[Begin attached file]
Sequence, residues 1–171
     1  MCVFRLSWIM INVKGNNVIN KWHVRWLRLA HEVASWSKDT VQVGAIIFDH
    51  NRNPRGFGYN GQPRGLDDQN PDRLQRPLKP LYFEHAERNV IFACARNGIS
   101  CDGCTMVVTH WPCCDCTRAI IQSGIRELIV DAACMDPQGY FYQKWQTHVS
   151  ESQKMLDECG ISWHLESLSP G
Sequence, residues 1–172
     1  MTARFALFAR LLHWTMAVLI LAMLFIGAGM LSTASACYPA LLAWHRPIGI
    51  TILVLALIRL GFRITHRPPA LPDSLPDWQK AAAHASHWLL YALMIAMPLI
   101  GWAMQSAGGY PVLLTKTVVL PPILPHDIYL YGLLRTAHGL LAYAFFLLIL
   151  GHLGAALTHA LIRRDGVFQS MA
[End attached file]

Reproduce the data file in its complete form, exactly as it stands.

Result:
Sequence, residues 1–171
     1  MCVFRLSWIM INVKGNNVIN KWHVRWLRLA HEVASWSKDT VQVGAIIFDH
    51  NRNPRGFGYN GQPRGLDDQN PDRLQRPLKP LYFEHAERNV IFACARNGIS
   101  CDGCTMVVTH WPCCDCTRAI IQSGIRELIV DAACMDPQGY FYQKWQTHVS
   151  ESQKMLDECG ISWHLESLSP G
Sequence, residues 1–172
     1  MTARFALFAR LLHWTMAVLI LAMLFIGAGM LSTASACYPA LLAWHRPIGI
    51  TILVLALIRL GFRITHRPPA LPDSLPDWQK AAAHASHWLL YALMIAMPLI
   101  GWAMQSAGGY PVLLTKTVVL PPILPHDIYL YGLLRTAHGL LAYAFFLLIL
   151  GHLGAALTHA LIRRDGVFQS MA